When It Comes to Prescription Drugs, What Does “Safe” Mean? by Edmund F. Haislmaier

Pending legislation to add a drug benefit to Medicare and make it easier to import prescription drugs from other countries has focused attention on something most of us take for granted – the safety of the drugs we consume.

We are used to assuming that when we get a drug from the pharmacist it will be safe to take. But who makes sure the drug is safe, and what does “safe” really mean?

Since 1938, Congress has charged the U.S. Food and Drug Administration with responsibility for what could be called “medical safety.” This means the manufacturer must demonstrate to the FDA’s satisfaction that the drug is safe to use as intended before the FDA will allow it to be sold.

Now, safe in this context is a relative term. As Janet Woodcock, Director of the FDA’s Center for Drug Evaluation and Research notes, “Safe does not mean harmless. Every drug comes with risks, and our tolerance for risk is higher for drugs that treat serious and life-threatening illnesses. There is no question that cancer drugs can be highly toxic. But they also save lives.”1

Thus, when the FDA approves a drug as “safe” it is essentially saying that the likely benefits of the drug are greater than the possible risks, when taken in the recommended dose to treat the specified disease or condition. Note here that the FDA is making a carefully caveated statement. It is implicitly saying that taking the same drug in the wrong dose or for another condition could or might be “unsafe.”

However, for the FDA, “safe” also has another meaning, which can be called “physical safety,” and this meaning is absolute, not relative. Indeed, back in 1906, Congress created the FDA to make sure that drugs were safe from “adulteration” or “misbranding.” Today, this definition of safety means: that the accompanying information about the drug and its uses (called the “label”) is the correct information approved by the FDA; that the product contains active ingredients of the kind and amount specified in the label, and; that the product does not contain harmful impurities.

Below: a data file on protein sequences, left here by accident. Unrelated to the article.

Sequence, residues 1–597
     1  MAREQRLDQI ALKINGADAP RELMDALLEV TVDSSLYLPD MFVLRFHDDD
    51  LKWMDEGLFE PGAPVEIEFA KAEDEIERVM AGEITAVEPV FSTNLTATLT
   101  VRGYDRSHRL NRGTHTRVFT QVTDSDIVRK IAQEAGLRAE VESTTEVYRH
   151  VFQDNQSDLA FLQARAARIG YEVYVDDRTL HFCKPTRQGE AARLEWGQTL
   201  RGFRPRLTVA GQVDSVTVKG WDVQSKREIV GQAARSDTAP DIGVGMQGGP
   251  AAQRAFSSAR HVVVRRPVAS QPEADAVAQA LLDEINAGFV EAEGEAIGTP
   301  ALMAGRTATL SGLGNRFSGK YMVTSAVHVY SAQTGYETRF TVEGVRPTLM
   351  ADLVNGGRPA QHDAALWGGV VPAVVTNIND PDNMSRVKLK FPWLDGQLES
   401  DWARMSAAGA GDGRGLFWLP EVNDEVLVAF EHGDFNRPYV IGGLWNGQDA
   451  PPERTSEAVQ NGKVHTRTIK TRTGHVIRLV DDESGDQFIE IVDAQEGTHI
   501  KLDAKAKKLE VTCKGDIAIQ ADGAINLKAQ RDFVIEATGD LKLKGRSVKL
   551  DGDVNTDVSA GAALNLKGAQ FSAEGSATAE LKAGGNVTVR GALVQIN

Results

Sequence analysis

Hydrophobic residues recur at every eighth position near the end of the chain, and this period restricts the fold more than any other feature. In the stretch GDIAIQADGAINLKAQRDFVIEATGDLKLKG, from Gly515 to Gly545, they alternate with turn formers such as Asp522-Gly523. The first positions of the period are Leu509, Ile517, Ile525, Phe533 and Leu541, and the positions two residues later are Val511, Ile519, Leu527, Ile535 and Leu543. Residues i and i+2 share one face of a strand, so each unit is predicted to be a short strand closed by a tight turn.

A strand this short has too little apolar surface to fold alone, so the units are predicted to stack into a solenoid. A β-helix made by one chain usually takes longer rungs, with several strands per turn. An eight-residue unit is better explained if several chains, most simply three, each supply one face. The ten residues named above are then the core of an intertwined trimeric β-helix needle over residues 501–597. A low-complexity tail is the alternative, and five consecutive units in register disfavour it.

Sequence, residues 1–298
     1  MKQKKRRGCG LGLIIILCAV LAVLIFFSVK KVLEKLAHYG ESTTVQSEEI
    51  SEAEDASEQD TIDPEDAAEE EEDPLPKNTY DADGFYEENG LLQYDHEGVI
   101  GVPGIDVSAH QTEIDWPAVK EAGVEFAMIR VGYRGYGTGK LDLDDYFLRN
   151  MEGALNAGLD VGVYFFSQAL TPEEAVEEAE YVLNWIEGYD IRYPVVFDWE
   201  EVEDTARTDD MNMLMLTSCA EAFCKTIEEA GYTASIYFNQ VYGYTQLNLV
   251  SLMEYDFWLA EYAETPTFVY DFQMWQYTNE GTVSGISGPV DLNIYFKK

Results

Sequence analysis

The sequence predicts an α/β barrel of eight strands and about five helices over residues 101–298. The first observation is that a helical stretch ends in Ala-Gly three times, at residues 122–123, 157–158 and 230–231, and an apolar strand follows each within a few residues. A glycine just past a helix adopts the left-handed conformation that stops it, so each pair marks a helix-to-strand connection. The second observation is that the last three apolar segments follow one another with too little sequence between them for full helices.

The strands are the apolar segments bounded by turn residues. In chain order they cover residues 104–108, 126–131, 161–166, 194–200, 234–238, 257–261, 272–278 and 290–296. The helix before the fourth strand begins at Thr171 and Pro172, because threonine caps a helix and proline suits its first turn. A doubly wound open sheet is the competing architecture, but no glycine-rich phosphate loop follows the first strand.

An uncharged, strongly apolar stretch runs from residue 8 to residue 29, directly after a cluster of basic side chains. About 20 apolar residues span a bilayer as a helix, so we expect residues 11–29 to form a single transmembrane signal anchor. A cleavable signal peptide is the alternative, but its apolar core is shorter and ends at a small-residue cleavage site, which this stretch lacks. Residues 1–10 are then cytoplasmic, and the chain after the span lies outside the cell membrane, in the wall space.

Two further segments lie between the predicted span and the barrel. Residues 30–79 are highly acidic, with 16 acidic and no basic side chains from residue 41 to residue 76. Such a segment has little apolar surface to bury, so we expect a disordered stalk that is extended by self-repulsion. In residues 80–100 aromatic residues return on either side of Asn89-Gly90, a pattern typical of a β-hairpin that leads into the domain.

There are lots of ways a drug can be unsafe in the “adulterated” or “misbranded” sense of the term. For example, if the product has more (“superpotent”) or less (“subpotent”) of the active ingredients than stated on the label, it can be unsafe to take, since the patient would unknowingly get the wrong dose. Similarly, contaminants or impurities can make the product unsafe. Alternatively, the product itself can be fine but the accompanying label information can be inaccurate or incomplete, which could result in unintended harmful use of the drug. Also, to be safe, drugs must not be consumed beyond their expiration dates and must be stored and transported correctly. For example, some drugs, like some foods, must be kept refrigerated before use.

The FDA does a variety of things to ensure that drugs are “physically safe.” First, it approves, monitors and inspects drug manufacturing plants, equipment and processes. It also tests batches of drugs and operates phone and e-mail systems for health professionals and patients to report possible drug problems. That way, if something goes wrong, any imperfect or contaminated batches of a drug can quickly be taken off the market. Second, the FDA works closely with state regulators overseeing pharmacists and drug wholesalers to prevent or catch any problems as drugs go from manufacturers to patients.

Third, the FDA works with various law enforcement agencies to pursue criminals trying to make money by tampering with or counterfeiting drugs, and take those products out of circulation. Finally, the FDA works with the U.S. Customs Service and Postal Service to prevent drugs that might be unsafe because of improper or careless manufacturing or handling, improper label information or deliberate criminal tampering, from entering the U.S.

Drug safety is a large, complex task and one that the FDA handles reasonably well using laws that have been refined over almost a century. Congress should give careful thought before approving any changes to existing drug safety laws, such as less regulation of imported drugs, to make sure the drug safety we take for granted isn’t compromised.


Edmund F. Haislmaier is a member of the board of directors of The National Center for Public Policy Research. 


1 As quoted in: Michelle Meadows, “Why Drugs Get Pulled Off the Market,” FDA Consumer, January-February 2002, available at http://www.fda.gov/fdac/features/2002/102_drug.html as of September 2, 2003.

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